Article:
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How LRAD Works

        Science | Acoustics

How the LRAD Unit Works
The LRAD has lots of transducers in a staggered arrangement.
The LRAD has lots of transducers in a staggered arrangement.

The LRAD's job is to make sound - lots of sound. It produces very loud sound that is audible over relatively long distances. But it's not limited to producing painful noise for use as a weapon. It can also amplify voices or recordings to a level that is loud and clear but not painful or debilitating.

Instead of using one big, moving device to make all this sound, the LRAD uses lots of little ones. A speaker usually uses one rapidly moving diaphragm to make sound. The LRAD uses has an array of piezoelectric transducers. A transducer is simply a device that changes one kind of energy into another kind of energy. In this case, it changes electrical impulses into sound.

A piezoelectric material is a substance that is permanently electrically polarized -- it has a positively charged side and a negatively charged side. If you apply pressure to a piezoelectric material, it creates an electrical impulse. On the other hand, if you apply an electrical charge to it, its molecules move and it changes shape. Using electrical current from a battery, generator or other source, the LRAD applies electrical charge to lots of piezoelectric transducers. The transducers rapidly change their shape and create sound waves.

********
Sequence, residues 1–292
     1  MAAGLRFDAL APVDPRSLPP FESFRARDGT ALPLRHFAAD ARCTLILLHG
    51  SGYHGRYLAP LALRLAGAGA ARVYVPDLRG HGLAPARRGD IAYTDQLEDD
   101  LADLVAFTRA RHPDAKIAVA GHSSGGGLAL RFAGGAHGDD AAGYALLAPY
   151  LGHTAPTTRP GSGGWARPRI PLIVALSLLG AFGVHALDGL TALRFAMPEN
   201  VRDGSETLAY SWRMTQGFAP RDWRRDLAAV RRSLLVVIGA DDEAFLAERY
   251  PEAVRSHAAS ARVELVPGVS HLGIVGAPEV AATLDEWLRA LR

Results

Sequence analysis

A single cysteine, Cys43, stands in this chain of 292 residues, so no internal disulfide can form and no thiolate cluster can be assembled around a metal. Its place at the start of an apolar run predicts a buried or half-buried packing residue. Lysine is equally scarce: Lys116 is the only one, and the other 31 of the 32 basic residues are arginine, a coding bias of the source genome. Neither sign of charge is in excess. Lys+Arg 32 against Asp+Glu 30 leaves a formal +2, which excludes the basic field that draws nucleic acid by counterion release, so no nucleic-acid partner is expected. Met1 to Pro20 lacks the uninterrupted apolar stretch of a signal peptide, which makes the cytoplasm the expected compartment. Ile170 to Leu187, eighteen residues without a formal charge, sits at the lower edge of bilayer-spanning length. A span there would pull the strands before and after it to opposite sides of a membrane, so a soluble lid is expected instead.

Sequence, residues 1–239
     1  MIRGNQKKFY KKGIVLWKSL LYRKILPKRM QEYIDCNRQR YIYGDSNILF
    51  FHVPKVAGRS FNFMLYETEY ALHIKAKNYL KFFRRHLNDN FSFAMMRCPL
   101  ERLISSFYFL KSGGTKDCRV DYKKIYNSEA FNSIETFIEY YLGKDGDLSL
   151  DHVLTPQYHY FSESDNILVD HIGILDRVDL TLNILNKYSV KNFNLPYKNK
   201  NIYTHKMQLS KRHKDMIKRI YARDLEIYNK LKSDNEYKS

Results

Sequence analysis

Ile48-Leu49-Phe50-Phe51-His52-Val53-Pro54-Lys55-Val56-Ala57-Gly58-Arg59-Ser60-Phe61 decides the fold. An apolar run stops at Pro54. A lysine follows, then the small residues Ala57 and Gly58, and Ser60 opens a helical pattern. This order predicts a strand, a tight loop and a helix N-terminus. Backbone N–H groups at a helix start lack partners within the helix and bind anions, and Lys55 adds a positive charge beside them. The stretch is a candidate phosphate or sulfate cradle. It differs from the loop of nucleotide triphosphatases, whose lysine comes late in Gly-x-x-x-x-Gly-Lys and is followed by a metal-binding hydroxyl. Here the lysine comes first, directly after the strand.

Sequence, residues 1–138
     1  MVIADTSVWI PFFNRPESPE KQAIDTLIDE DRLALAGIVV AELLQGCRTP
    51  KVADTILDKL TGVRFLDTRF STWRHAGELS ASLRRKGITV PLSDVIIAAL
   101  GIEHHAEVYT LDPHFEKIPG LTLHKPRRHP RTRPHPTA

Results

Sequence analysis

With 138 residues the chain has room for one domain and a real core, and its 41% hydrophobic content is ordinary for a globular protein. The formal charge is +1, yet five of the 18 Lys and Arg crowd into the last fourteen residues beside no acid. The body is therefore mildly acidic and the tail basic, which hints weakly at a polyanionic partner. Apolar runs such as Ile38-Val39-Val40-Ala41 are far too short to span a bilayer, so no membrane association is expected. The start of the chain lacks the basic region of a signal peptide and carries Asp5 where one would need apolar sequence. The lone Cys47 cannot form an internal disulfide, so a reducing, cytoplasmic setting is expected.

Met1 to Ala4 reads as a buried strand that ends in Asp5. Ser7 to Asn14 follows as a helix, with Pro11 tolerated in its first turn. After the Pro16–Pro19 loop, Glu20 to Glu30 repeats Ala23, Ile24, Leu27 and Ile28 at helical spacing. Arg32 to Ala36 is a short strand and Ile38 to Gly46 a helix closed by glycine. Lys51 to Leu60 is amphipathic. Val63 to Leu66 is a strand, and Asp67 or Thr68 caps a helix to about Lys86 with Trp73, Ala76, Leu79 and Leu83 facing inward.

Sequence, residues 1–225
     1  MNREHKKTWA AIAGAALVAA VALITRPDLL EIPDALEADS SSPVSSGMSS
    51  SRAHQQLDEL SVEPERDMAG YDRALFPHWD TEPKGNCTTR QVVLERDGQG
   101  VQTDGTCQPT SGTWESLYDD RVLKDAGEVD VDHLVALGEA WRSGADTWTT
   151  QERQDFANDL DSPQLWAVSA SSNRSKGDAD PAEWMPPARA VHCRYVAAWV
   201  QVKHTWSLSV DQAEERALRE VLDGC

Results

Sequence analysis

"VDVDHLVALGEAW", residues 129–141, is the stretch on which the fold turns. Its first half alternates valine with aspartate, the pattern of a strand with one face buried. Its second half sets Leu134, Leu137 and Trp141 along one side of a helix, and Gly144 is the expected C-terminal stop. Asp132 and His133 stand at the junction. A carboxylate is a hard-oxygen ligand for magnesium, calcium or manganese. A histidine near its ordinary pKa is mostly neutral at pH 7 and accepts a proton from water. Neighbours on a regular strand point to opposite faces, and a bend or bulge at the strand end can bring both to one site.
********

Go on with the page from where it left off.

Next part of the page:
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Applying a charge to a piezoelectric material causes it to change shape.

All of these transducers are attached to a mounting surface. They're staggered to allow more of them to fit into a smaller space. This helps the LRAD create very loud sounds -- identical waves emerge from the transducers, and their amplitudes combine to create louder sounds.